After I bought my car last September, I went to Walmart and bought a tire pressure gauge because I knew it was important to maintain proper air pressure in your tires. I took the gauge home, put it in the glove compartment of my car, and promptly forgot about it for almost a year.

Last week, I was out shopping when I noticed my front tires looked a bit underinflated. I got home, fished out the tire pressure gauge, and it was then I realized I had never measured the pressure in a tire before. It was easy to do fortunately and I discovered that all my tires were basically at 28 psi, several hours after waiting for the tires to cool down. The people at Toyota suggest the optimal tire pressure for my car is 32 psi, so all my tires needed some air.

This maybe embarrassing to admit, but I’ve never put air in a car tire before. I’ve been driving on and off since I was a teenager but never had to do tire maintenance before. Now that I own my vehicle, this is the type of stuff that I’m having to deal with. Of course, I know that most gas stations have a spot where they have a compressor when you can add air to your tires. When I was kid and for most of my adult life, this air was free of charge. Recently, in an effort to squeeze as much money out of people as possible, gas stations have begun to charge people for air.

I also live fairly close to two different car tire shops and I know both will check your tire pressure and inflate your tires for free. I didn’t think this was the best idea since you have to rely on them to be not busy and they probably want to do work that makes them money rather than filling up some random person’s tires with air. Most importantly, I wanted to do it myself, rather let someone else do it.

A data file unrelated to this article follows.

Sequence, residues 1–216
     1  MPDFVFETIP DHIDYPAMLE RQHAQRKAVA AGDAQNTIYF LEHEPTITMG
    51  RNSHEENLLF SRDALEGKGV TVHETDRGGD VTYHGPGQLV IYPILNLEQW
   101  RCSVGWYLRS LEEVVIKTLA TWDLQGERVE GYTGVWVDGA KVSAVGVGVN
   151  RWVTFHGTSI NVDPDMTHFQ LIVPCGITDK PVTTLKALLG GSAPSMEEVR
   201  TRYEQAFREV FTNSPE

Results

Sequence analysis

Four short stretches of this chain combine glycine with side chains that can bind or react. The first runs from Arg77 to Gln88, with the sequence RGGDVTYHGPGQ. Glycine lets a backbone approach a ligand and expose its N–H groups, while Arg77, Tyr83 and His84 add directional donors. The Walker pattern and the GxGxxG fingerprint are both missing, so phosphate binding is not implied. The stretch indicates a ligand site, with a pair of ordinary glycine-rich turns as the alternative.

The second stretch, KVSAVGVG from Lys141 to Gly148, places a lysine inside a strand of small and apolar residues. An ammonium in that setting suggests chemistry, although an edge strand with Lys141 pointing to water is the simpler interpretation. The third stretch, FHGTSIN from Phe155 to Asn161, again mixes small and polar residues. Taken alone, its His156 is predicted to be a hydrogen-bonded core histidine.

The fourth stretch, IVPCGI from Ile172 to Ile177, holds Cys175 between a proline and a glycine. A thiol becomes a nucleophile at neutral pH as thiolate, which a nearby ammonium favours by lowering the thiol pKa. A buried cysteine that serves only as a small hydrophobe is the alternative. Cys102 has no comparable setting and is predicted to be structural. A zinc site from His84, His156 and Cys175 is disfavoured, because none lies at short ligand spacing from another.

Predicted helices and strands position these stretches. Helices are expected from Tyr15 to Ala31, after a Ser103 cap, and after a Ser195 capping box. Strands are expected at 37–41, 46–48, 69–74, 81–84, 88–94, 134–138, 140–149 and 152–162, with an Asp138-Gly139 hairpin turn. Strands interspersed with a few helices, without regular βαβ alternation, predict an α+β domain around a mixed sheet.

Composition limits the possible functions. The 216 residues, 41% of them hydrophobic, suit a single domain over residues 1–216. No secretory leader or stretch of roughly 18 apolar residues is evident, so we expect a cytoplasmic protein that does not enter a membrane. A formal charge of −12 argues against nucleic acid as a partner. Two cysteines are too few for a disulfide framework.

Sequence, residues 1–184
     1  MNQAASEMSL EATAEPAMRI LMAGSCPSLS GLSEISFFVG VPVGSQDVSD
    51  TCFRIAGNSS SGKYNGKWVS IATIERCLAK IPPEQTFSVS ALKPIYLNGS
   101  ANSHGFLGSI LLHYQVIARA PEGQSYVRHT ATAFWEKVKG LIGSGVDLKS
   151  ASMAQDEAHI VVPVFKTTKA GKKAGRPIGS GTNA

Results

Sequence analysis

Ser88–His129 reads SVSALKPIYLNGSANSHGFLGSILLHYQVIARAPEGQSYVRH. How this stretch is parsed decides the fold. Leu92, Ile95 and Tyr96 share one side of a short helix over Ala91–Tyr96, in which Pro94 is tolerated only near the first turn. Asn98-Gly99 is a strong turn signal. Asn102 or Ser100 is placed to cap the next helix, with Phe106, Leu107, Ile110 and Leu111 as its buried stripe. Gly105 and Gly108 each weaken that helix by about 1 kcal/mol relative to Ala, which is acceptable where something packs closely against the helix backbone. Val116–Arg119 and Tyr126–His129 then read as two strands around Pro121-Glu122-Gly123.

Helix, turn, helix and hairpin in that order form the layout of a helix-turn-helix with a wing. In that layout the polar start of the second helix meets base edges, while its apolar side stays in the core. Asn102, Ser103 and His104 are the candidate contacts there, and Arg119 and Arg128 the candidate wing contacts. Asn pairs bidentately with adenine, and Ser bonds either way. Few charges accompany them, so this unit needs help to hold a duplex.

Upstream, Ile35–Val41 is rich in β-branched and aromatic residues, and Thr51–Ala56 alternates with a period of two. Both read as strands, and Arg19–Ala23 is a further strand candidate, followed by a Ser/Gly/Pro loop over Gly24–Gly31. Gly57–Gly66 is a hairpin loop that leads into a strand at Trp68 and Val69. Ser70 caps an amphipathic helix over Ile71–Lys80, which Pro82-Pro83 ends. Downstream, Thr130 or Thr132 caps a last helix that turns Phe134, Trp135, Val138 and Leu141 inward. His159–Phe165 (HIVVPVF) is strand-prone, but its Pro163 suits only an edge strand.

So I decided to bite the bullet and headed off to the nearest gas station for some air. When I got there, I saw it cost $1.50 for about five minutes of compressor time. You don’t want to waste all that time, so I took the caps off all the valve stems on my tires before paying. After I tapped my credit card, the compressor roared to life, noisy and rumbly. I grabbed the hose and proceeded to give the first time a short burst of air. I checked the pressure with my gauge. It was nearly at 30 psi, so I gave it another blast. That was enough to get it right up to 32 psi. I repeated the same thing with the three other tires. It wasn’t that difficult at all.

I finished quickly enough that when I put the hose back, the next person in line for air was able to fill up his tires before the time expired. That guy got a freebie from me.

I am learning lots about car maintenance and I believe at this rate, I will be able to rebuild my engine by September.

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